gcc produces the following warnings:

    c.c: In function 'main':
    c.c:4:42: warning: multi-character character constant [-Wmultichar]
    c.c:5:42: warning: multi-character character constant [-Wmultichar]
    c.c:6:42: warning: multi-character character constant [-Wmultichar]
    c.c:7:42: warning: character constant too long for its type [enabled by

    and this output:

    'a' = 0x61
    'ab' = 0x6162
    'abc' = 0x616263
    'abcd' = 0x61626364
    'abcde' = 0x62636465

    The program is perfectly legal, and any conforming implementation must
    accept it. Its output is implementation-defined.

    I wouldn't use multi-character constants myself other than to find out
    what a compiler does with them.

    I've seen them most often in code written by inexperienced programmers
    who haven't yet learned the difference between single and double quotes.
    Keith Thompson, Jun 4, 2014
  7. And because foob is variadic (more precisely, because (void *)0 is
    passed as an argument corresponding to the ", ..." in the declaration),
    no conversion takes place. The caller passes an argument of type void*,
    and foob *assumes* that it's of type double*.

    "If you lie to the compiler, it will get its revenge." -- Henry Spencer
    Keith Thompson, Jun 4, 2014
  8. Something I missed in my previous followup: Why do you think
    comparisons of values like 'abcd' would be slower than comparisons
    of "compact enum codes"? Non-wide character constants are always
    of type int; a literal 'abcd' is likely to be exactly equivalent
    (in value and type) to a literal 1633837924 (for example).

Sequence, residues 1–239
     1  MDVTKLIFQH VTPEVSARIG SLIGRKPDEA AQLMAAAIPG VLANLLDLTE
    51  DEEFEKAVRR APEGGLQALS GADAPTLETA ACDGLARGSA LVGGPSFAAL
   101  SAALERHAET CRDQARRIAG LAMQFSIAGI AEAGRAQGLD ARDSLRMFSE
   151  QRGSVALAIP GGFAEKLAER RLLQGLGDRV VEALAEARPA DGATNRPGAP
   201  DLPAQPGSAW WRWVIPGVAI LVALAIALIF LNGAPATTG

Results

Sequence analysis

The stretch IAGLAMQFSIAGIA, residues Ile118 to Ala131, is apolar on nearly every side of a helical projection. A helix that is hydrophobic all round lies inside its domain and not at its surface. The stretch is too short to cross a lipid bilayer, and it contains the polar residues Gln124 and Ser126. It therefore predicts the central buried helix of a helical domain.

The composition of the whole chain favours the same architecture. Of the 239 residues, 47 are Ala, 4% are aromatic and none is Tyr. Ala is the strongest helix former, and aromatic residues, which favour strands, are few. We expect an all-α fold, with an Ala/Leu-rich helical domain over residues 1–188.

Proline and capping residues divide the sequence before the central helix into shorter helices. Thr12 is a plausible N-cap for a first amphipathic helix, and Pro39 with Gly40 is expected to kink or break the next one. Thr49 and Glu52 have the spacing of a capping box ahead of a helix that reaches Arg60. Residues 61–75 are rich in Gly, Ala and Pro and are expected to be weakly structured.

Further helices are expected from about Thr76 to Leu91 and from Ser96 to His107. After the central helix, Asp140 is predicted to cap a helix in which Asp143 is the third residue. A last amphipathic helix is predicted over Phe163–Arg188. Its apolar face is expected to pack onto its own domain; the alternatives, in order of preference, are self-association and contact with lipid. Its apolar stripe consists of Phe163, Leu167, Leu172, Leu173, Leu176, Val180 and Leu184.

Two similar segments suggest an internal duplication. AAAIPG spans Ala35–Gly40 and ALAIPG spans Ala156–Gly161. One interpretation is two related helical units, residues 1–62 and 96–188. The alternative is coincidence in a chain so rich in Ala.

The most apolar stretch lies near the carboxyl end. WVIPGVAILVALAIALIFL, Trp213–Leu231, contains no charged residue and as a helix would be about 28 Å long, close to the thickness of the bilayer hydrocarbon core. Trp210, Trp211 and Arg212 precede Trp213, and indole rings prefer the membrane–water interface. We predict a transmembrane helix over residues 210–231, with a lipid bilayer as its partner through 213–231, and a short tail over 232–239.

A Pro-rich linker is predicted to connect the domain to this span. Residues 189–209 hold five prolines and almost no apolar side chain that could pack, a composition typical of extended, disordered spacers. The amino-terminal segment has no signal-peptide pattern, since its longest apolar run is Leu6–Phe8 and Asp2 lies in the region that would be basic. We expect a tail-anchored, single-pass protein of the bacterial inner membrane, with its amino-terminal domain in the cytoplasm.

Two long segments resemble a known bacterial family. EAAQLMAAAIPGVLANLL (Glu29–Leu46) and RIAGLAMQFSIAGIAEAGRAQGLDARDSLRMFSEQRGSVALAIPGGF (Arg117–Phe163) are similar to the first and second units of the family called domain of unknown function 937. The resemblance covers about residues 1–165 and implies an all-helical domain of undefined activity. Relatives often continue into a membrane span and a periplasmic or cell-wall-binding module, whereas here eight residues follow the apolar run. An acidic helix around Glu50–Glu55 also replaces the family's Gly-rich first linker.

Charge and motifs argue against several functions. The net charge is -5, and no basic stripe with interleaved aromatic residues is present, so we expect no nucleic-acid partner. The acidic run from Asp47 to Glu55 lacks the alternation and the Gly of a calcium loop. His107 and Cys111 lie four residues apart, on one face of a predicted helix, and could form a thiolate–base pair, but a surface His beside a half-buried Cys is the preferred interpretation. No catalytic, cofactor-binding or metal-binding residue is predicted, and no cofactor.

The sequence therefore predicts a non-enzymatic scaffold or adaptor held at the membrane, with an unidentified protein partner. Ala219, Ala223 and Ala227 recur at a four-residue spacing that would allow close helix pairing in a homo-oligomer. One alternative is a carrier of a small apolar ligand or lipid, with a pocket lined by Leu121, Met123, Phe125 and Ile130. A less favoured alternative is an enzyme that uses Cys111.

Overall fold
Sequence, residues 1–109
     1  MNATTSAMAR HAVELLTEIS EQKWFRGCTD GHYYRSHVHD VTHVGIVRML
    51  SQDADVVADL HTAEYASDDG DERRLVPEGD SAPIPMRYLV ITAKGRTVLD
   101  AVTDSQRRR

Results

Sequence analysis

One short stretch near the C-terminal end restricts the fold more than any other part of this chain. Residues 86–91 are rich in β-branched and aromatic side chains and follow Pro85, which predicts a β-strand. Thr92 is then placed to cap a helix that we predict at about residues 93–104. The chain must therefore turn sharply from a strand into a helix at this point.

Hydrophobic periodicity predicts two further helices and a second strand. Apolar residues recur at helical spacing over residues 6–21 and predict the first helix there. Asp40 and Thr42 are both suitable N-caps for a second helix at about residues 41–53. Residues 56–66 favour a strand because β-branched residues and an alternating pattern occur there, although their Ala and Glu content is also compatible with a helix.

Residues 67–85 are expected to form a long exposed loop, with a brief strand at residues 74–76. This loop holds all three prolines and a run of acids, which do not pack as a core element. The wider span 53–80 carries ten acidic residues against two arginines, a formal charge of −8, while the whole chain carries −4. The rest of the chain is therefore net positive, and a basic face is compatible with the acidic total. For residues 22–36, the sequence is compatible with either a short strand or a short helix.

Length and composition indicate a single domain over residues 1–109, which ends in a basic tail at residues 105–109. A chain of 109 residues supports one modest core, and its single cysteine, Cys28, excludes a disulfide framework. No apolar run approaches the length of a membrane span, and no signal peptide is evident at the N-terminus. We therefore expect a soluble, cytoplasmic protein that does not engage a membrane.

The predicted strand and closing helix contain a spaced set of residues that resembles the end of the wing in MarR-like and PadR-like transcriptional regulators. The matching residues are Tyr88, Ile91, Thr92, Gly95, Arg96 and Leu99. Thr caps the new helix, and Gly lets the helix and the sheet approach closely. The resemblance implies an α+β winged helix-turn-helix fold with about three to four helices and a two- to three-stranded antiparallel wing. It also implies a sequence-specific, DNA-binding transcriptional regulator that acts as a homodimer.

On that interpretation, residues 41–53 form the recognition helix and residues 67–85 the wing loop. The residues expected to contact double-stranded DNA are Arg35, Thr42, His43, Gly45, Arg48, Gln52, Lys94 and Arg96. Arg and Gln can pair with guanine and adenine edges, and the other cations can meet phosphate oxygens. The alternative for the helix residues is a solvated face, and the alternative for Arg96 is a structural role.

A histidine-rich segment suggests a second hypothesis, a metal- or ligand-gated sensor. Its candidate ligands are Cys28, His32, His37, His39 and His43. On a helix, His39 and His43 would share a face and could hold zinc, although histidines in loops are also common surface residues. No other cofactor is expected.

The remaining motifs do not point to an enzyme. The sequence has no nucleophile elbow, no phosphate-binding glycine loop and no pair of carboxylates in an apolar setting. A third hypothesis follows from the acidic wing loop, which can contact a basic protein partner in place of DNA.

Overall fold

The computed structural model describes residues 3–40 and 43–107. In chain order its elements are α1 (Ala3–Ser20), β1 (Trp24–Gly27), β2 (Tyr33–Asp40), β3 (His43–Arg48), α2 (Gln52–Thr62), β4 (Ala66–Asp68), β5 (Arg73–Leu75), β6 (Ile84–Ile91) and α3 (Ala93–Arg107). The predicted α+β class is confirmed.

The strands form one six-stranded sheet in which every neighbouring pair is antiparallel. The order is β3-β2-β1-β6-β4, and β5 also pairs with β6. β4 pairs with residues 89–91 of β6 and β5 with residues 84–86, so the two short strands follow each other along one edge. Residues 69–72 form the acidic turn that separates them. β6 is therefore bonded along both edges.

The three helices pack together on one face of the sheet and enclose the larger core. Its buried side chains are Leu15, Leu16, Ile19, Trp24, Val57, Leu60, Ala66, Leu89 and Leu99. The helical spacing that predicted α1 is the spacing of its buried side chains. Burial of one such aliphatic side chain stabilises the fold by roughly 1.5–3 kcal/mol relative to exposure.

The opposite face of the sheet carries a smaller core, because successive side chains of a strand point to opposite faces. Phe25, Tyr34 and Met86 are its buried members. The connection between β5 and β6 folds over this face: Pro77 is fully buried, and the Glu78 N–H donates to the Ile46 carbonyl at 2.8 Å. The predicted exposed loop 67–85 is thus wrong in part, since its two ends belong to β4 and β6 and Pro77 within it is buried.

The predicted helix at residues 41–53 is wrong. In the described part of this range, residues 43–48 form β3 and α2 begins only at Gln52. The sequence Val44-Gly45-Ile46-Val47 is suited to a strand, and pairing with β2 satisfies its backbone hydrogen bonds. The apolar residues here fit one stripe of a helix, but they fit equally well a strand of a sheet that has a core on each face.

A comparison of a single-byte literal like 'a' *might* be optimized to
    an 8-bit comparison -- but only if byte comparisons are actually faster
    than word comparisons on the target hardware.
    Keith Thompson, Jun 4, 2014
  9. James Harris

    BartC Guest

    By 'compact' I mean the values needed to represent the set of parameter keys
    occupy a narrow range, such as 0 to 13 when there are 14 keys.

    Given such a key, a switch can use a jump table to go straight to the
    handler for that key.

    With multi-char literals, it is necessary to test them one by one. (This can
    be optimised a little testing the most likely ones first, but that's about
    it. It won't be worthwhile using binary searches, hashing and such, which
    are still not going to be as fast as a switch.)

    (There might also be a way to use some compile-time macro to effectively
    hash any multi-char value, or even a regular string, into a compact ordinal
    value. But that gets complicated and the keyword code gets more cluttered.)
    BartC, Jun 4, 2014
  10. Realistically you've got to use an if .. else ladder. It's got the same
    visual complexity as a switch. But if you're worried about the comparatively
    minor overhead, probably you shouldn't be coding named arguments anyway.

    Strings aren't efficient. But they have the advantage that you can
    always provide something short and humanly meaningful, like "x" (you
    can't realistically #define x). They don't pollute namespace, it's
    obvious what type they are, and you can print them out for debugging
    and get meaningful values. Also, its hard to inadvertently pass
    a wrong value (MYLIB_CURSOR_X as opposed to MYLIB_CURSOR_XPOS in
    a related function).
    If the practice catches on, then as most named arguments will be passed
    as string literals, a compiler can optimise the strcmp() calls to
    Malcolm McLean, Jun 4, 2014
  11. They don't pollute namespace because they have no namespace. String
    literals make it (nearly) impossible for the compiler to catch typos.
    gcc can detect many errors involving printf-style format strings, but
    only because that particular syntax is hardwired into the compiler; that
    won't happen for any literal values you invent for your own program.

    And I don't see how using string literals rather than identifiers makes
    it harder to inadvertently pass an incorrect value. In addition to the